See you again for the next part of the mini-series on the language of entrepreneurship!

Listen to the episode here

Multilingualism Words and Actions

“I’m not hungry. One egg is an oeuf”. Is the author funny? Debatable. Is the author multilingual? Ça dépend. In this multi-voiced episode on multilingualism we tackle different interrelated aspects ranging from translanguaging over accommodation to effectiveness and proficiency and we cast more light on multilingual settings and the role of BELF in them. In the process, we make Bernard eat humble pie by interviewing a very, very multilingual person and we raise multilingual voices to stop cruelty against animals, topped off with nice examples on language accommodation. Bon appétit!   The Words and Actions podcast features and accompanying website, http://wordsandactions.blog. Here we publish a blog post that goes with the podcast, including references to research and a full transcript.  Episode 20 features various researchers who attended the 2021 regional conference (Europe, Middle East and Africa) of the Association for Business Communication, The programme and abstracts are available here.  In the introduction, we talk about the notion of translanguaging. The following references are central papers and overviews:  Bradley, J., Moore, E., & Simpson, J. (2020). Translanguaging as Transformation. Bristol: Multilingual Matters. Conteh, J. (2018). Translanguaging. ELT Journal, 72(4), 445-447. García, O., & Wei, L.. (2014).Translanguaging: Language, bilingualism, and education. New York: Palgrave MacMillan. Wei, L. (2018). Translanguaging as a practical theory of language. Applied Linguistics, 39(1), 9-30. Williams, C. (1996). Secondary education: Teaching in the bilingual situation. In C. Williams, G. Lewis, & C. Baker (eds), The Language Policy: Taking stock. Llangefni: CAI, pp. 39–78 We also talk about communication accommodation theory (CAT) and return to that phenomenon in the analysis part of the episode. Here is a recent overview of the theory:  Zhang, Y. B., & Giles, H. (2018). Communication accommodation theory. In Y. Y. Kim (Ed.), The International Encyclopedia of Intercultural Communication (pp. 95-108). Hoboken, NJ: Wiley,pp.  95-108.  Another concept that is central to this episode is (Business) English as a lingua franca. One scholar who has written prolifically on accommodation in ELF is Jennifer Jenkins, most recently in this publication: Jenkins, J. (2021). Accommodation in ELF: Where from? Where now? Where next? In Walkinshaw, I. (ed), The Pragmatics of ELF. Berlin: De Gruyter Mouton. Available here.   Still in the introduction, Bernard offers a definition of BELF that is based on this paper:  Louhiala-Salminen, L., Charles, M.,  Kankaanranta, A. (2005). English as a lingua franca in Nordic corporate mergers: Two case companies. English for Specific Purposes, 24, 401-421. Our interview guest is Gladys Nyarko Ansah, an expert in multilingualism from the University of Ghana. Here are some of her publications, including the one on linguistic landscapes, which she talks about in the interview: Anderson, J.A., Wiredu, J.F., Ansah, G.N., Frimpong-Kodie, G., Orfson-Offei, E., & Boamah-Boateng, D. (2020). A linguistic landscape of the central business district of Accra. Legon Journal of the Humanities, 31(1), 1-35.  Afrifa, G.A., Anderson, J.A., & Ansah, G.N. (2019). The choice of English as a home language in urban Ghana. Current Issues in Language Planning, 20(4), 418-434 Ansah, G.N. (2014). Cognitive models of anger in Akan: A conceptual metaphor analysis. Cognitive Linguistic Studies, 1(1), 131-146 In the hosts’ reflection on the interview, Veronika mentions ‘sounds being swapped around’; the technical term for this is metathesis.  In the analysis , Veronika contributes two examples from this study: Rogerson-Revell, P. (2010). “Can you spell that for us nonnative speakers?” Accommodation strategies in international business meetings. The Journal of Business Communication, 47(4), 432-454. Bernard reproduces an example from a talk at the ABC conference, which illustrates productive phonetic accommodation, i.e making the sounds of spoken language more like that of the interlocutor. Receptive phonetic accommodation is often taught as part of listening skills; here are some alien resources for this:  The Speech Accent Archive (http://accent.gmu.edu) The English Listening Library Online (www.elllo.org) My English Voice (http://myenglishvoice.com) YouGlish (http://youglish.com)  Finally, Erika draws on paper by Jane Lockwood and Ying Song: Lockwood, J., & Song, Y. (2020). Understanding each other: Strategies for accommodation in a virtual business team project based in China. International Journal of Business Communication, 57(1), 113-144.  The next episode will continue with the theme of different languages, looking at high-stakes translating and interpreting – see you again!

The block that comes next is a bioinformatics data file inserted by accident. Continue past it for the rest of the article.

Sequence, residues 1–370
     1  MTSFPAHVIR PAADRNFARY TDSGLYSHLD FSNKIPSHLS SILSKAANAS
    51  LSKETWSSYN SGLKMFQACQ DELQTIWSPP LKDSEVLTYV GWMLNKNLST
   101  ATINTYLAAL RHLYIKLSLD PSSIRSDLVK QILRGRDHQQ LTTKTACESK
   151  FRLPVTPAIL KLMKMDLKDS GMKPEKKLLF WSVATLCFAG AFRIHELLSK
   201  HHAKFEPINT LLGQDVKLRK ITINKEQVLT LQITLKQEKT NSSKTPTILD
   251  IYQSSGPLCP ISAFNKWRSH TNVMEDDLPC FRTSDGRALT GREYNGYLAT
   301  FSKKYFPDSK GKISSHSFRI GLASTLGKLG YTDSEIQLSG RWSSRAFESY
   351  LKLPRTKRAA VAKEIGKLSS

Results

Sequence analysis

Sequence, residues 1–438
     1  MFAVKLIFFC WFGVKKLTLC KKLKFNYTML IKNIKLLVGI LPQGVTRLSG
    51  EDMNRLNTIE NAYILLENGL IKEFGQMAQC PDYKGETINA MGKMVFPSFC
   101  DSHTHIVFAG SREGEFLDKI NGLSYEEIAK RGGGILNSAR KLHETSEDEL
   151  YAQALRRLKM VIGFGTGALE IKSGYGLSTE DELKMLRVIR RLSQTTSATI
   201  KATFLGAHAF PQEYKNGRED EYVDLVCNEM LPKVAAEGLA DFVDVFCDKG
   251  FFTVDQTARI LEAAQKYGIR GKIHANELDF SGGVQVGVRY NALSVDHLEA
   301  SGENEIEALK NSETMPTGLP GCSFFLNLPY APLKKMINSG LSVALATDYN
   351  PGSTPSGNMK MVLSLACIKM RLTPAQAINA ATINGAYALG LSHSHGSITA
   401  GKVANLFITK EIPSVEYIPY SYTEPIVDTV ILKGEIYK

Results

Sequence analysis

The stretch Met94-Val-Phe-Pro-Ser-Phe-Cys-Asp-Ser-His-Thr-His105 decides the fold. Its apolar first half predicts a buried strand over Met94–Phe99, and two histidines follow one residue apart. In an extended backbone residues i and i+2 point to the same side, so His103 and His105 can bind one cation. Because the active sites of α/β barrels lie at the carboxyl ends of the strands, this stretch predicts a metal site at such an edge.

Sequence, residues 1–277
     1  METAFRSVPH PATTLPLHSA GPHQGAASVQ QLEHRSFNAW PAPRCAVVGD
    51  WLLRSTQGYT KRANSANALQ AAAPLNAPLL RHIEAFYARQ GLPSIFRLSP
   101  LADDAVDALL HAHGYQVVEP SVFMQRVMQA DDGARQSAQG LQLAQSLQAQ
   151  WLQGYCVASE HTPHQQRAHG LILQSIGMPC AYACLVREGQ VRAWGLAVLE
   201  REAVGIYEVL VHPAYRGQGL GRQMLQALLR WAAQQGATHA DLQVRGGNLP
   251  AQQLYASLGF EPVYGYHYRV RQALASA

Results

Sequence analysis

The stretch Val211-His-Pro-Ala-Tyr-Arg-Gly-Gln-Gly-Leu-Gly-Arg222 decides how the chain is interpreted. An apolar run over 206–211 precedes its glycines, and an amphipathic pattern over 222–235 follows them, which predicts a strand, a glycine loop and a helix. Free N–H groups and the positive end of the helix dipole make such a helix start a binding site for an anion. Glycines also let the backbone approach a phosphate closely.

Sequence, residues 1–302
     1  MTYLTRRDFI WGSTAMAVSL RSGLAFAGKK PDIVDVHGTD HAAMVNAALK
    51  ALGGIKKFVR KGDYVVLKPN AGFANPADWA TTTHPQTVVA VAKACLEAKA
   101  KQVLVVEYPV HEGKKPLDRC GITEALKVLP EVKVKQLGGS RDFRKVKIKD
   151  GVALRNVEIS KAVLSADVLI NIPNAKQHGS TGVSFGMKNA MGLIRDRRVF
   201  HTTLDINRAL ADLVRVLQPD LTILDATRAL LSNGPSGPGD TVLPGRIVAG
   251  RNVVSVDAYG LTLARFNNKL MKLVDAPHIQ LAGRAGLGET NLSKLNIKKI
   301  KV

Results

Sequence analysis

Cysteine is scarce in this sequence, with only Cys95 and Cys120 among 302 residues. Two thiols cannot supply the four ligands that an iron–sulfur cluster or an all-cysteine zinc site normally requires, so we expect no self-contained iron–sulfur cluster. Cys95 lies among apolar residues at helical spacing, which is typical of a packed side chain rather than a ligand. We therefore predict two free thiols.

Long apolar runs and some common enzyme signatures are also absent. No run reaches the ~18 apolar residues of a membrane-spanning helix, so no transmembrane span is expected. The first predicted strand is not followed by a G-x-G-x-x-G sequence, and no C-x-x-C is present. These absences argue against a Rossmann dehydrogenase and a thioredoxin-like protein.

1. Multilingualism
  2. Negotiations
  3. Meetings and Conflicts
  4. The language of Entrepreneurship (3): Creativity in language and visual communication
  5. New Year’s Special: 2020 Through the Language Lens

Full transcription of the episode